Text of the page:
Unpack the IB Subject Guides- IMPORTANT! 📦
You have a test coming up. But you have no idea where to start or what to study. Classic dilemma with a simple solution. The single most useful thing an IB student can start off with is to READ THE SUBJECT GUIDE.
How does it help?
Everyone gets the subject guides in their first week of school but we just stuff them in our bag and never look at them again. In reality, thoughtfully using it can be the difference between a 5 and a 7.
The subject guide is a word for word outline for every single topic the IB can assess us on for a subject. Nothing can be assessed outside of this guide!! It specifically points to everything we need to study and include in our exams. It provides us with clear criteria and method to get a 7 in our internal and external assessments. It breaks down everything you have to do to succeed in a subject. I honestly cannot stress how essential it is to use it for EVERY part of your subject.
Let's take a question on neurons in a biology test:
"Explain how an impulse passes along the membrane of a neuron" [8 marks]. 💡
Amy has a passion for neurobiology and spends 3 hours reading around all the interesting nuances of a neuron. But in her answer, she only mentions 3/8 points that the IB wanted her to talk about and ends up with a low grade :(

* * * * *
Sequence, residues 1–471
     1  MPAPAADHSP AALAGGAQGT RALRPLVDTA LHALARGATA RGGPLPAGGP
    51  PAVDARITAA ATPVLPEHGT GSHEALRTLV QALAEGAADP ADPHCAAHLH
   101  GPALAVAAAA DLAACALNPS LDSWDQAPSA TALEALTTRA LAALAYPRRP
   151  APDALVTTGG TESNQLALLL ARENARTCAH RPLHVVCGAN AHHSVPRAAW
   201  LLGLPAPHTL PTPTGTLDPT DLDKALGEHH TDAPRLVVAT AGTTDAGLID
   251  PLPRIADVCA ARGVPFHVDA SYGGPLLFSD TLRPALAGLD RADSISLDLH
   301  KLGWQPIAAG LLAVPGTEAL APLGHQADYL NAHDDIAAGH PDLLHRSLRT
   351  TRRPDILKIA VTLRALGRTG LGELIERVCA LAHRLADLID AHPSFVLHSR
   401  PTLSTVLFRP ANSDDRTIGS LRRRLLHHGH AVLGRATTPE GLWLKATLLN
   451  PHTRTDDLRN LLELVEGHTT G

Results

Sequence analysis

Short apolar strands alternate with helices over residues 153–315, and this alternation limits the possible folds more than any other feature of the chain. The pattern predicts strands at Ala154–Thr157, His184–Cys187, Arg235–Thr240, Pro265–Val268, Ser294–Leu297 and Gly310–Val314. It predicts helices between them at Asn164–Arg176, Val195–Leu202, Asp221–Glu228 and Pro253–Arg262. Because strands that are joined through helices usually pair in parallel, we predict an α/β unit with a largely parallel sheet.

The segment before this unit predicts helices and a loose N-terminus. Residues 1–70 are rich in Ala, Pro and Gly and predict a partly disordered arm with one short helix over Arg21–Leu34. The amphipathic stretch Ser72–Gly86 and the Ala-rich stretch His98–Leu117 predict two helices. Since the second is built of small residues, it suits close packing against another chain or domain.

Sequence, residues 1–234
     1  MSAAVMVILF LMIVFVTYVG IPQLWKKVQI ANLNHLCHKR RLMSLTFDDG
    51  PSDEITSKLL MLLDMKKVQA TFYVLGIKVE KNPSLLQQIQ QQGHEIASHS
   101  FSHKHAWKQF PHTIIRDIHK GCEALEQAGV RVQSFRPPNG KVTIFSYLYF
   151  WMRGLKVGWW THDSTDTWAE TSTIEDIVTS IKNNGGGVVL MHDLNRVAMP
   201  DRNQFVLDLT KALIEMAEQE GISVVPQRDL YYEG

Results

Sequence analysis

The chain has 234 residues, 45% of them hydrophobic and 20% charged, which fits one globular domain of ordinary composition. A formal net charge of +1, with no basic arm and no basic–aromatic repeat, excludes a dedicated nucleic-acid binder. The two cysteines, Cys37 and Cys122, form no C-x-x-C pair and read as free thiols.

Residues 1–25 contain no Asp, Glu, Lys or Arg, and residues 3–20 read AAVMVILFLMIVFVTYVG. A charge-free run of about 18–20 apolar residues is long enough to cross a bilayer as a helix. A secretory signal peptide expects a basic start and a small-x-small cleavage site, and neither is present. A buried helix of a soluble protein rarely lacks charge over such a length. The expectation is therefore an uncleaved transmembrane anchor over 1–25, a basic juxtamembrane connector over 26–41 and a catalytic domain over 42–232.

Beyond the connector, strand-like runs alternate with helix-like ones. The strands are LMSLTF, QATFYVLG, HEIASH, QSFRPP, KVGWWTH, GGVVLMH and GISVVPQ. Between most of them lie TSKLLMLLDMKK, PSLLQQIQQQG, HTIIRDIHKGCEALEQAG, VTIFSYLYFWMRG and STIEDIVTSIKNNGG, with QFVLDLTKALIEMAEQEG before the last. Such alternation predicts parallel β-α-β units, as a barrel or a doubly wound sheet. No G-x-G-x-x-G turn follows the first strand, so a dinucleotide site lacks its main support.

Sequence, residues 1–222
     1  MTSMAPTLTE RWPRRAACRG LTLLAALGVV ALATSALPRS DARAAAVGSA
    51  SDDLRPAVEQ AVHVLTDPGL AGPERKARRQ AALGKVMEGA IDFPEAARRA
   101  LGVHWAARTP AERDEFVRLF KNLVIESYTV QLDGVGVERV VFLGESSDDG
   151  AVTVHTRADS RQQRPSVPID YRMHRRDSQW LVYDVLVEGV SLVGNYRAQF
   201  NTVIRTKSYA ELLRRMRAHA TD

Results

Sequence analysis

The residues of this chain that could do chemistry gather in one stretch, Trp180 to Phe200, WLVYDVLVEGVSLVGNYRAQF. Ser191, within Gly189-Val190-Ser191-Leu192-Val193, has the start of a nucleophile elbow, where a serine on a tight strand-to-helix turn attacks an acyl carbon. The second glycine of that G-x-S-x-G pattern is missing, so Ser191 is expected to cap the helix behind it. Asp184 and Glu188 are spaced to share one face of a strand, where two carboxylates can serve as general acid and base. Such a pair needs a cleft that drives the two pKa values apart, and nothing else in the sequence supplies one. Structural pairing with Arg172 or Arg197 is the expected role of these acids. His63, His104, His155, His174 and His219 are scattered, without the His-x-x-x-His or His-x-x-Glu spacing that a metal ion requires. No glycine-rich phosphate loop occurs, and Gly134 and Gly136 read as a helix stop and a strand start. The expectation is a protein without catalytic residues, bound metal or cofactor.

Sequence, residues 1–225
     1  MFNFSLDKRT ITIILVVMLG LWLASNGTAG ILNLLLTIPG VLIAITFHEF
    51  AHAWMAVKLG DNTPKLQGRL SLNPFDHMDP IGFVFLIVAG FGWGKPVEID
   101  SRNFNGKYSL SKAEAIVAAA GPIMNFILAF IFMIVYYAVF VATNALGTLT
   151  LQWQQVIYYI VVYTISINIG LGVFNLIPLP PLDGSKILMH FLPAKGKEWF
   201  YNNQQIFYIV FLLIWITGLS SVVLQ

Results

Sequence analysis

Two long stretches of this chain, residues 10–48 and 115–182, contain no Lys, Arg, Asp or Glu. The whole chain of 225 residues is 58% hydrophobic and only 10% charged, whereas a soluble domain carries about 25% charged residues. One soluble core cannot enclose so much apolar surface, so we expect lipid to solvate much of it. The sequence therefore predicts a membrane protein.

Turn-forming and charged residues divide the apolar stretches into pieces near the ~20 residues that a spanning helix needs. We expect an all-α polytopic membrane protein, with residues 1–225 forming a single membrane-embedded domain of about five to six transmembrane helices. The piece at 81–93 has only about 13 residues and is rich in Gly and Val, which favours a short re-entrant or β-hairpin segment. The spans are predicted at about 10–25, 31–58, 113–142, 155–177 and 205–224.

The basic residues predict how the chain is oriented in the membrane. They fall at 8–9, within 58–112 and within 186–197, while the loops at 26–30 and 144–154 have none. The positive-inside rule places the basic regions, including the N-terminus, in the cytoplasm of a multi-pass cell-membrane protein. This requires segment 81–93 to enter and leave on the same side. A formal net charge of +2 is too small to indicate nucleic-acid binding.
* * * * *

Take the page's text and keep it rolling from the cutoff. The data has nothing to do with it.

Terry, however, chooses to look at the sub-topics of the unit in the biology subject guide. He realised that there are a few key points he must address in his answer and is done in 30 mins. He studied exactly what the IB wanted him to and ends up with a solid 7/8 marks.
Back in school, most people, including me, were big fat Amys. We waste so much time mindlessly studying unimportant parts of the chapter from the textbook and end up losing the bigger picture. It would feel like an infinite amount of information to remember and even after I put so much detail in my answers, I'd never get the grade.
I didn't understand why until I looked at the syllabus in my subject guide. It literally tells you a) exactly what to learn b) the depth you need to go in and c) what we can expect on the exam. The IB wants us to include only certain points in our answers. And it wants us to convey them in a very specific manner.
The problem is: most of us just end up studying the mainstream parts of a topic for the exam. Why? Simply because it's the information that is most commonly available. However, this is flawed. The IB wants us to learn very specific chunks of knowledge to fulfill the highest criteria and, as you can see, the mainstream information only makes up a part of this. The subject guide is the only clear-cut way we can know about every specific topic the IB wants us to know for the exams. So why waste time learning about so much useless content, when you can just use the guide to spoon-feed you the things you need to study.
Let's break it down:
The syllabus section of the guide is the first thing you need to focus on. Here is a break-down of what a group 4 (sciences) guide would include for a sub-unit:
How should I use it?